Federal prosecutors have charged a Russian woman with conspiracy to defraud the United States in connection with alleged efforts to interfere in the 2018 election, laying out a yearslong and wide-ranging social media interference campaign that the FBI says “continues to this day.”
The charges, filed against Elena Alekseevna Khusyaynova on Sept. 28 but unsealed Friday in the Eastern District of Virginia, are the first such charges relating to the current election cycle — detailing specific, extensive, and ongoing efforts “to sow discord in the US political system” on Twitter and Facebook.
The FBI affidavit attached to the complaint alleged that Khusyaynova has served as the chief accountant for “Project Lakhta” — which is described as a project begun in 2014 to conduct “political and electoral interference operations.”
According to the affidavit, the conspiracy with which Khusyaynova is charged “has a strategic goal, which continues to this day, to sow division and discord in the US political system, including by creating social and political polarization, undermining faith in democratic institutions, and influencing US election, including the upcoming 2018 midterm election.”
In another filing from Sept. 28, federal prosecutors asked for the complaint and affidavit to be sealed because “premature disclosure” could jeopardize government efforts “to disrupt” the foreign influence effort. That request was granted, but prosecutors on Friday asked that everything be unsealed in the case.
Project Lakhta, per the affidavit, involves groups like the Internet Research Agency and Concord Management and Consulting. Yevgeniy Viktorovich Prigozhin, known as “Putin’s Chef,” controls Concord, the affidavit details, and “spent significant funds to further” Project Lakhta.
Special counsel Robert Mueller’s office charged Prigozhin and those entities in February in DC in connection with 2016 election interference efforts. Only Concord has responded to the charges, which identified Project Lakhta for the first time.
Friday’s complaint came not from Mueller’s office, but from the US Attorney’s Office in the Eastern District of Virginia.
The affidavit laid out a broad, well-funded campaign — and provided specific details of Khusyaynova’s “meticulous record-keeping and management of Project Lakhta funds,” including budgets and expenditures. Project Lakhta’s “proposed operating budget” from January to June of this year amounted to 650 million Russian rubles (which would be more than $ 10 million US dollars), the affidavit alleged.
Using “social media and other internet platforms,” the affidavit detailed, the conspiracy of which Khusyaynova is alleged to be a part attempted to “inflame passions” on topics like immigration; the Second Amendment; women’s, race, and LGBT issues; and the debate over players’ kneeling protests during the national anthem at NFL games.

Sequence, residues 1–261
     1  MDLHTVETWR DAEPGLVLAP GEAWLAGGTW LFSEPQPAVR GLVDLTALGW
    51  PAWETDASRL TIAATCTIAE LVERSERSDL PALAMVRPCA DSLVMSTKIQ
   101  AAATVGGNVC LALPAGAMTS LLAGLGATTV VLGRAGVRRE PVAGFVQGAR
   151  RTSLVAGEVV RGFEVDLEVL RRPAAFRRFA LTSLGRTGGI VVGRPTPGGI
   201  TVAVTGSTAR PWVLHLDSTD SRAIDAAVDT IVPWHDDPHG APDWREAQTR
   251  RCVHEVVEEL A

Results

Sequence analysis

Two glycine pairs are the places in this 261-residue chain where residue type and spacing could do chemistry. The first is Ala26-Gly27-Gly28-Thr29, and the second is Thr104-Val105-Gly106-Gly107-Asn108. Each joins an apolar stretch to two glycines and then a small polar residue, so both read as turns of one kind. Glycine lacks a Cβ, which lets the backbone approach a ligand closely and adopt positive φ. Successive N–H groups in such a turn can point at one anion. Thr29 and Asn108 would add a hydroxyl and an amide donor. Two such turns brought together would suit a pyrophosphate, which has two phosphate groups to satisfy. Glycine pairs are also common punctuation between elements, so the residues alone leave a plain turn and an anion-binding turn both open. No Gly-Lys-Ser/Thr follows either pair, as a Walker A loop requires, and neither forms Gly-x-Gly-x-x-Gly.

Among the politicians targeted, per the complaint affidavit, were former president Barack Obama, former senator John McCain, House Speaker Paul Ryan, Senate Majority Leader Mitch McConnell, and Sen. Marco Rubio. Others targeted, per the complaint, included Mueller, CNN, and sanctuary cities.
“This case demonstrates that federal law enforcement authorities will work aggressively to investigate and prosecute the perpetrators of unlawful foreign influence activities whenever feasible, and that we will not stand by idly while foreign actors obstruct the lawful functions of our government,” G. Zachary Terwilliger, the US attorney for the Eastern District of Virginia, said in a statement.
Earlier Friday, the Office of the Director of National Intelligence, the Justice Department, the FBI, and the Department of Homeland Security released a joint statement expressing concern about foreign interference in US elections.
“We are concerned about ongoing campaigns by Russia, China and other foreign actors, including Iran, to undermine confidence in democratic institutions and influence public sentiment and government policies,” the statement said in part. “These activities also may seek to influence voter perceptions and decision making in the 2018 and 2020 U.S. elections.”
For months, administration officials — especially from the Department of Homeland Security, which is tasked with protecting US voting infrastructure and is more open about election security than other federal agencies that play a big role — have downplayed the idea that foreign hackers were preparing a major cyberattack on the midterm elections.
All the while, DHS officials, as well as other major figures in election security like FBI director Christopher Wray, have said that they have consistently seen foreign influence operations. But that’s a phrase that the government has kept vague, with officials nodding to interrupted Facebook campaigns like Iran’s, and President Trump claiming that China taking a four-page ad out in an Iowa newspaper was evidence that country is “attempting to interfere” in the election.
Several government agencies have recently made countering foreign influence operations a priority, though it’s not always been clear who’s doing what. The lead agency is the FBI’s Foreign Influence Task Force, first announced in November 2017. However, DHS also has a similar task force and the Department of Justice’s Cyber-Digital Task Force, which launched in July, is designed to alert “private sector entities to foreign influence operations.”
Kevin Collier contributed reporting.